China vendors set to dethrone Korea brands in global smartphone market

The second quarter of 2018 marked for the first time that China-based Huawei has outraced Apple to second place in the global smartphone market, according to IDC data. With that performance, Huawei's consumer business group CEO Richard Yu has boasted that his company aims to overtake Samsung to become as the world's top smartphone vendor by the fourth quarter of 2019.

Meanwhile, the anticipated rollouts of foldable smartphones by handset vendors in the second half of 2018 is set to make the segment a new battlefield of the industry where China-based handset makers are to show off their strengths, which no can afford to ignore. After all, China-based vendors have become fast movers instead of followers in the past year as far as AI-centric smartphones and iris identification technology are concerned.

Since the development of the smartphone industry has already entered its plateau period, any maker or party which is able to secure a preemptive presence in the foldable smartphone segment is likely to win in the looming battle.

Foldable smartphones

A crucial element of the foldable smartphones lies in the configuration of flexible display. Samsung and Huawei are said to prefer an in-folding design, while Xiaomi is likely to choose a design that will place the foldable display outwardly when folded.

Xiaomi is likely to give priority to promoting the foldable smartphones in the domestic market, while Huawei is trying to trump Samsung for the release of foldable models in the global space. Thus, the year 2019 will be a turning point for the competition between smartphone vendors in China and Korea.

China's players are also narrowing their combined market share against Korea-based brands in markets spanning Asia, Oceania, Africa and East Europe with the exception in North America.

At the same time, Samsung has been losing ground in the world's largest single market, China, where handset sales could reach as many as 410 million units a year, accounting for 31% of global sales. However, Samsung currently accounts for only 1% of the handset market in China, according to a Bloomberg report

In the India market, although Samsung managed to recapture the top-vendor ranking in the second quarter of 2018, it was losing out its share in the high-end segment to China-based OnePlus.

OnePlus captured a 40.5% share of the above INR30,000 (US$437) segment of the smartphone market in India in the second quarter of 2018, a significant improvement from the 8.8% recorded a year earlier. The above INR30,000 segment accounts for only 3% of India's total handset market in terms of unit shipments but 12% in terms of profits generated by the industry.

Meanwhile, Huawei is exerting all-out efforts to promote sales in Europe. Huawei and other China's brands currently account for a 23.4% share in the Eastern European market, as Korea's vendors are seeing their share drop to 34.3% from the previous 37.3%.

Huawei also aims to ship over 200 million smartphones in 2018, with its shipments to account for 30% of total smartphone shipments in China in the year and present a 51-fold increase in seven years.

Xiaomi is approaching the brick and mortar stores in Western Europe, using a new Poco Phone brand, as it is trying to get rid of the image of being a second-tier Chinese vendor selling low-priced devices.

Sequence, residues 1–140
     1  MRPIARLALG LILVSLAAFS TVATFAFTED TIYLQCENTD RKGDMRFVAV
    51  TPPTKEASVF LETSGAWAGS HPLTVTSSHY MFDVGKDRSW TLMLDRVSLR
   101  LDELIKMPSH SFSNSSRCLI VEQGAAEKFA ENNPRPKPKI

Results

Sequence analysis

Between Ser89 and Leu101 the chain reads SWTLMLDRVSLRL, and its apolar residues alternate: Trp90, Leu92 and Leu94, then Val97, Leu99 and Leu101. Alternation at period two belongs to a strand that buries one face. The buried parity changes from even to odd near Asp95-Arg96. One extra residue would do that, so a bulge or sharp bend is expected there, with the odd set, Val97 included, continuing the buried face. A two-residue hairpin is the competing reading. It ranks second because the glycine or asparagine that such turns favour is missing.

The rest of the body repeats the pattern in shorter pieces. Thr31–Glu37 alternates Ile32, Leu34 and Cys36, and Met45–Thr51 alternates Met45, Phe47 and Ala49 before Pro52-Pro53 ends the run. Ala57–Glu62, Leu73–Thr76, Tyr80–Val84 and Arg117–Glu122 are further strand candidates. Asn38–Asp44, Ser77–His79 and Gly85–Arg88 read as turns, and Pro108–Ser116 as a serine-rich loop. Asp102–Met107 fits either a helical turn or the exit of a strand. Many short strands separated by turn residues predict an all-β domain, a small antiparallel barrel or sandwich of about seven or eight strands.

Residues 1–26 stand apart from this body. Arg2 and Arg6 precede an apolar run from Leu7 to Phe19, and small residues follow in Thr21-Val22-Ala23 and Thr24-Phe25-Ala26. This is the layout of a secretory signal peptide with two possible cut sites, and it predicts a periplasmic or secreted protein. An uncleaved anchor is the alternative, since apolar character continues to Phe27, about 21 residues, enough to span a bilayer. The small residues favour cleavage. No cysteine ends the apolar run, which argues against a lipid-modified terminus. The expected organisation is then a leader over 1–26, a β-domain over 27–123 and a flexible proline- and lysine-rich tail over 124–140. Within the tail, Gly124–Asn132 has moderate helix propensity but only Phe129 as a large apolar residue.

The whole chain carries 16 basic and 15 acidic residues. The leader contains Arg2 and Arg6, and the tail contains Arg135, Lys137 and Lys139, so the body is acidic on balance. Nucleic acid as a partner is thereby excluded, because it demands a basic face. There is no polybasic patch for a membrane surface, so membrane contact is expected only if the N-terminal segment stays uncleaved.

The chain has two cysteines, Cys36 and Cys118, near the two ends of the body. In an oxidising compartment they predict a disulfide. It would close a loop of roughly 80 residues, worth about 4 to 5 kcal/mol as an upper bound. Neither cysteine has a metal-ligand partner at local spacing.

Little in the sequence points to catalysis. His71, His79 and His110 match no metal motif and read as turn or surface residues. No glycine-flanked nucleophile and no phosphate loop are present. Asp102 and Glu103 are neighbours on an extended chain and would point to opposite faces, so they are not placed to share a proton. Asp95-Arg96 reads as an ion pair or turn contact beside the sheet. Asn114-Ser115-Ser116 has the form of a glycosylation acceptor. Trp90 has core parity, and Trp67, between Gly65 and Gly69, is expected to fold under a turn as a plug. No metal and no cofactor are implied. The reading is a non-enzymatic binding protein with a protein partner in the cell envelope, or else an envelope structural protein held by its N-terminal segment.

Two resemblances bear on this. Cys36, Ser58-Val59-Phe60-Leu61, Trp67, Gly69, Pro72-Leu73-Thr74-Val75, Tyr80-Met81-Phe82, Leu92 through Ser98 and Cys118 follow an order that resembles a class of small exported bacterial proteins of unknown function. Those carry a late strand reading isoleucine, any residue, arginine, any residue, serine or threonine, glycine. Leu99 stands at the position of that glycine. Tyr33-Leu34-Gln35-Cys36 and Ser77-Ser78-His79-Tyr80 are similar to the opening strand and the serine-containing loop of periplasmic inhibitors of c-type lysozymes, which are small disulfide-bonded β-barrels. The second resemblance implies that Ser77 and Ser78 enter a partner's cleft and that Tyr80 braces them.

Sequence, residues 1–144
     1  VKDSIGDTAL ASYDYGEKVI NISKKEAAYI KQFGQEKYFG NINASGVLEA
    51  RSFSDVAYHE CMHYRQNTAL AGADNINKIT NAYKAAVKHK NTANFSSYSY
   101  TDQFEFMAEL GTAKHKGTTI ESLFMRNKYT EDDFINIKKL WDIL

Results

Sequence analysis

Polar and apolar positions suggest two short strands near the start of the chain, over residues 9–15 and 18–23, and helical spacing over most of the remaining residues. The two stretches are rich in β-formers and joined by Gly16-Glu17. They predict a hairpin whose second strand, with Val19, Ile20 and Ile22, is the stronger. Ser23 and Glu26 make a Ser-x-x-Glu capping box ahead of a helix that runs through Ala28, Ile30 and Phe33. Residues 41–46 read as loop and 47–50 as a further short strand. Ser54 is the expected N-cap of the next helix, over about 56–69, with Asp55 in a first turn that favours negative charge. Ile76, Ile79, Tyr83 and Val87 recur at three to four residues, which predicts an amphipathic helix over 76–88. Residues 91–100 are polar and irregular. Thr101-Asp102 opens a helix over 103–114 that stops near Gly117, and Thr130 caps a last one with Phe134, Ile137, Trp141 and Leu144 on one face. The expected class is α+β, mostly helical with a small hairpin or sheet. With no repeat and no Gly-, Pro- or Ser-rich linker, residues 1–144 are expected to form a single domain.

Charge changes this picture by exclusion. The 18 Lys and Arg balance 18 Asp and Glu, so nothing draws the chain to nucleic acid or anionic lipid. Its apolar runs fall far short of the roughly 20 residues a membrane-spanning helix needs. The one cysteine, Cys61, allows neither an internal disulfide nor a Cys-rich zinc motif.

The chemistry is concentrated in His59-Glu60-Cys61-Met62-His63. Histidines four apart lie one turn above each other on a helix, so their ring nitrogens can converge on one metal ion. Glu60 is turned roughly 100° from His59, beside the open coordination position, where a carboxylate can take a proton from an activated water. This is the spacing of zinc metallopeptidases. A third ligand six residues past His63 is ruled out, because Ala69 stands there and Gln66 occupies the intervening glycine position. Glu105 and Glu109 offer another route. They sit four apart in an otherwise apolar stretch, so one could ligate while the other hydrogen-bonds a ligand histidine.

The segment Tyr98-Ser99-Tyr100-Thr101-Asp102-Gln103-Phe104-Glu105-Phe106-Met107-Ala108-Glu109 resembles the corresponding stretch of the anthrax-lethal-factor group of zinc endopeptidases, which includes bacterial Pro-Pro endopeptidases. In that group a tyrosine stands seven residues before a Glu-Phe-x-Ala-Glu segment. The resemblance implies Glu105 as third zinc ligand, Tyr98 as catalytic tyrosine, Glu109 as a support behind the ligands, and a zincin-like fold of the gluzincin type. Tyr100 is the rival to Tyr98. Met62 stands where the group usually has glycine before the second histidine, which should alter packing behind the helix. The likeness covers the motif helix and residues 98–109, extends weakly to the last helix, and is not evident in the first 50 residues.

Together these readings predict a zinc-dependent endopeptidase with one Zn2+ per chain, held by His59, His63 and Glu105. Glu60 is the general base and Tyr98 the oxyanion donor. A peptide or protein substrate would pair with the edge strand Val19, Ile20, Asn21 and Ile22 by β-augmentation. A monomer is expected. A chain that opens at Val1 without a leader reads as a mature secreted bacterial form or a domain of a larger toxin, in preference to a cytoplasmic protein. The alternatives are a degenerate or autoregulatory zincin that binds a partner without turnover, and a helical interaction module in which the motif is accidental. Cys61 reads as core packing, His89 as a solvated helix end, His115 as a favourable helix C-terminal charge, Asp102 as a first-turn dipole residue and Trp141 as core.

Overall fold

With support from China's government, China's brands have also managed to lower the gap of market share against Korea's in Latin America to 6pp currently from the previous 12pp; and in Africa and the Middle East to 18.3pp from 3pp.

Penetrating into Korea market

And to the dismay of Korea's makers, Huawei and Xiaomi both are taking aggressive marketing strategies to begin selling their smartphones directly in Korea since July 2018.

The handset market in Korea totals over 20 million units a year, with Samsung taking a majority of 55%, followed by Apple with 28.3% and LG Electronics with 15.7%.

But market sentiment in Korea may be changing under the price pressure from Huawei and Xiaomi.

In fact, Samsung saw the operating profits of its handset business unit decline 34.2% on year to KRW2.67 trillion (US$2.358 billion) on revenues of KWR24 trillion in the second quarter of 2018.

Analysts at Korea-based securities investment firms estimated that shipments of the Galaxy S9 devices totaled eight million units in the second quarter, accounting for only 10.26% of the 78 million handsets shipped by Samsung in the quarter.

The smartphone market in Korea is expected to scale down by 5.9% to 20.24 million units in 2019 and to 20.11 million units in 2023, according to an estimate of Euro Monitor. The shrinking market in the domestic front is certainly unfavorable to Samsung.

In sum, China's smartphone brands are approaching the global market in an echelon form with their devices characterized with innovative designs, competitive pricing, enhanced local presence, in addition to strong government support. Major brands in China include Huawei, Xiaomi, Oppo, Vivo, OnePlus, Lenovo, Coolpad, Hisense, and ZTE. And seven out of the world's top-10 handset brands are from China currently.

Premium smartphone models rolled out by China-based brands normally feature the same high-end hardware specifications as those found in the flagship models from Apple or Samsung but are available at two-thirds of their prices.

Aside from hardware specs and related technologies, China's brands are offering a complete lineup of products in high quality and are readily available through established channels at affordable prices. Smartphone vendors from Japan and Taiwan have already been defeated, and how much longer can the Korean brands hold on to their lead?

huawei

Huawei beat Apple to second place in the global smartphone market in 2Q18
Photo: Digitimes file photo

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